In an open letter to CEO Mark Zuckerberg, Access Now is calling upon Facebook to undergo an independent audit of its data processing accompanied by a global human rights assessment.
The call comes after new revelations that Facebook entered into data disclosure agreements with device manufacturers and other companies that the company had not previously reported. A prior privacy audit in 2017, conducted by PwC as part of a 2011 consent decree with the US Federal Trade Commission, failed to reveal all of Facebook’s data processing procedures with its partners.
In addition to an independent audit and human rights impact assessment, Access Now calls on Facebook to:
- Release copies of data disclosure agreements with third parties;
- Publicly answer questions about data sharing agreements, why they were not previously disclosed, and how Facebook will compensate impacted users;
- Encourage device makers to similarly reveal what data they accessed, processed, or retained through these agreements;
- Regularly disclose policies and aggregate data on private, third-party requests for user data, and Facebook responses;
- Reform the Board of Directors, including for more diversity, expertise in data and human rights, and oversight of risks to users;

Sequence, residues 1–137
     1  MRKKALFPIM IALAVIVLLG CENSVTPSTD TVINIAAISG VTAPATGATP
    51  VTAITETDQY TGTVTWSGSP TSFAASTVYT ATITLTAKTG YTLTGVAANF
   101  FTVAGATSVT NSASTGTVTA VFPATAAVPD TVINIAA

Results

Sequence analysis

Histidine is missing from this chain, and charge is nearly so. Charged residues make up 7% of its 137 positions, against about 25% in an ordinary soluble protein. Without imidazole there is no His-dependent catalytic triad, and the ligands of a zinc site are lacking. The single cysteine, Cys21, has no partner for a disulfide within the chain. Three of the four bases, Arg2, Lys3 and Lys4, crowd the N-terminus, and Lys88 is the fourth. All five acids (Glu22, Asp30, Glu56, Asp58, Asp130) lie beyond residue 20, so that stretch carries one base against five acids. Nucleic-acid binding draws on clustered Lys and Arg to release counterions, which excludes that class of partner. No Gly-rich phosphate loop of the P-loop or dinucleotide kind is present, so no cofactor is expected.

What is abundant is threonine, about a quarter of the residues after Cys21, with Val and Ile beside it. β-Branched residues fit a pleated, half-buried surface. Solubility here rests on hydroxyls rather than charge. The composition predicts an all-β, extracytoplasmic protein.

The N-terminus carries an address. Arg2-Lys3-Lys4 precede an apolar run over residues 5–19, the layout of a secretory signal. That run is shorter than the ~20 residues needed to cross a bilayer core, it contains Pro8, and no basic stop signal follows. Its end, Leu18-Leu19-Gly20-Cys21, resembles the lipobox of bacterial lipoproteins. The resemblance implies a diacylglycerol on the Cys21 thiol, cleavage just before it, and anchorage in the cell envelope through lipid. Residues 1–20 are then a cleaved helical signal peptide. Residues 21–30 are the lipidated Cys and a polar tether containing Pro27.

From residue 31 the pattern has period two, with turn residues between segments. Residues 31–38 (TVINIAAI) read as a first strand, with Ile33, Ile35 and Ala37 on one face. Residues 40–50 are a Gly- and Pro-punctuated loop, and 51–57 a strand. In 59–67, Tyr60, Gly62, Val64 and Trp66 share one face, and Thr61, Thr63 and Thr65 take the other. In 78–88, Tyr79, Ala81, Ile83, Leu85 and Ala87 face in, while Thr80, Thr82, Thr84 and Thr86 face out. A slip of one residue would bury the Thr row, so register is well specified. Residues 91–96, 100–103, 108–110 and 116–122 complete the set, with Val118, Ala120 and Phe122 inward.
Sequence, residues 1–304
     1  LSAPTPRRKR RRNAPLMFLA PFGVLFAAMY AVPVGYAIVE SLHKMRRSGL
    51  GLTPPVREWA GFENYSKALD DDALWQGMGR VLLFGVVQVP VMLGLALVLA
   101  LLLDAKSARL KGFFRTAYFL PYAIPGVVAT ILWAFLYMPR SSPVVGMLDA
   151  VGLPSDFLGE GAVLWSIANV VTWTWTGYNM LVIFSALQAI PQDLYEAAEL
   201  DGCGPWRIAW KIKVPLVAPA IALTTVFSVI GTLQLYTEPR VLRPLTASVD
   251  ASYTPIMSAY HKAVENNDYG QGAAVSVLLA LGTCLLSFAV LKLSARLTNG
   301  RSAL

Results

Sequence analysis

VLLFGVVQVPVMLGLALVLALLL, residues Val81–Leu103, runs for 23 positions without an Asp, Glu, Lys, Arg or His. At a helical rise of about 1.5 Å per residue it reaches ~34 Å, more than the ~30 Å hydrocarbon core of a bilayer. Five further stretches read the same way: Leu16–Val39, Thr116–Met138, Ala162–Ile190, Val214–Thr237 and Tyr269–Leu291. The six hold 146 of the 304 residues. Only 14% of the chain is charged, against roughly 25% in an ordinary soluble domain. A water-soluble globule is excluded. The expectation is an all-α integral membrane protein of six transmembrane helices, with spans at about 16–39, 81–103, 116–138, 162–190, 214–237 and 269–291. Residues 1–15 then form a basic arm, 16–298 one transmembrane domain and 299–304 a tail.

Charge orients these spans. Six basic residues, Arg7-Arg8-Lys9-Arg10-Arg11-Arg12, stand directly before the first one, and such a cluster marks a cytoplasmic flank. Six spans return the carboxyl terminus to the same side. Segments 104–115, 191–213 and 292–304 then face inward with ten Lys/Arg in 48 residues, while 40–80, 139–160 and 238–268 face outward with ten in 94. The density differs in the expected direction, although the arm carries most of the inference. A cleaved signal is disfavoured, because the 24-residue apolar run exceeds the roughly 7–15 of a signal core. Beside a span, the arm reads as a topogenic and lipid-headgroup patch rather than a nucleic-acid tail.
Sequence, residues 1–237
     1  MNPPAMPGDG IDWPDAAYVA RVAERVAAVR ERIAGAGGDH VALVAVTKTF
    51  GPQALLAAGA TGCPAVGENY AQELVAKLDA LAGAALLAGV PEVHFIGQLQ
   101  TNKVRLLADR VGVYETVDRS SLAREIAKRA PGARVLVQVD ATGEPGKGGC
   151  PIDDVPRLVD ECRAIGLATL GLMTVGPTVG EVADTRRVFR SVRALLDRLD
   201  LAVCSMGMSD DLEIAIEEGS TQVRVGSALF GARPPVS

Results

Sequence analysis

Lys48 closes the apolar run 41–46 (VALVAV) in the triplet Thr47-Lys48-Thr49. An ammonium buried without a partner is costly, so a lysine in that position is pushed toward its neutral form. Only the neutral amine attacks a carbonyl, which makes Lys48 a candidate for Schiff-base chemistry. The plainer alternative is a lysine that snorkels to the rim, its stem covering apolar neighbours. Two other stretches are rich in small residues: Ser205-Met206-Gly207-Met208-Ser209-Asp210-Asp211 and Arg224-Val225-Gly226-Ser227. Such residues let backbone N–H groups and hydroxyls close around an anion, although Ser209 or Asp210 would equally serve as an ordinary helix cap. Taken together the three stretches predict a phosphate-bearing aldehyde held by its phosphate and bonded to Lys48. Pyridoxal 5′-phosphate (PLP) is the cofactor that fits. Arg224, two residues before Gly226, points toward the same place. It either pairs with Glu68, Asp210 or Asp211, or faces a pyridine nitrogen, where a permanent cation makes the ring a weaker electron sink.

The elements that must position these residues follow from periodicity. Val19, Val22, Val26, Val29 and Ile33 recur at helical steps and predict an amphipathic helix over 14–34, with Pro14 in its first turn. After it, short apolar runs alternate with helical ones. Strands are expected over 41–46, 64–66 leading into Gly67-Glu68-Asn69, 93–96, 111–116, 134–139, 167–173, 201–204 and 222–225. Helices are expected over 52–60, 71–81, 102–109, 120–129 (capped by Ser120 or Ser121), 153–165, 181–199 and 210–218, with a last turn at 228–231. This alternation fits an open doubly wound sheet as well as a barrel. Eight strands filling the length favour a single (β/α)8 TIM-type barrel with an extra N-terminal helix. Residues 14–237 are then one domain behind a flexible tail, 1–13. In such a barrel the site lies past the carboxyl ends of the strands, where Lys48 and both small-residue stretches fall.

- Confirm again its commitment to applying the principles and rights of the EU General Data Protection Regulation globally; and
- Publically pledge to support new and updated data protection laws around the world.
“Mr. Zuckerberg can only feign ignorance and beg forgiveness so many times. Facebook has made a lot of mistakes in how it’s handling these scandals but the bigger mistake is the company’s decision to collect too much of our personal data and then to enter into irresponsible data disclosure agreements,” said Estelle Massé, Senior Policy Analyst at Access Now. “To save its credibility, Facebook must undergo a rigorous independent audit that will finally clarify exactly how the company treats our data.”
In addition to an open letter to Mark Zuckerberg, Access Now today also published an FAQ to explain what people who use Facebook need to know about the recent data privacy revelations and what steps they can take to protect their data.
“Now that the General Data Protection Regulation has begun to take effect in the European Union, people in the United States and around the world want the same protections. Every day that yet another article comes out showing Facebook still hasn’t told us the whole story, is another day that makes it inevitable that lawmakers will take action,” added Massé. “Facebook and other tech companies that handle and profit from our data should recognise that in the US, India, and many other nations, regulation to give users comprehensive data protection is not a question anymore of ‘if’ but ‘what’ and ‘when.’”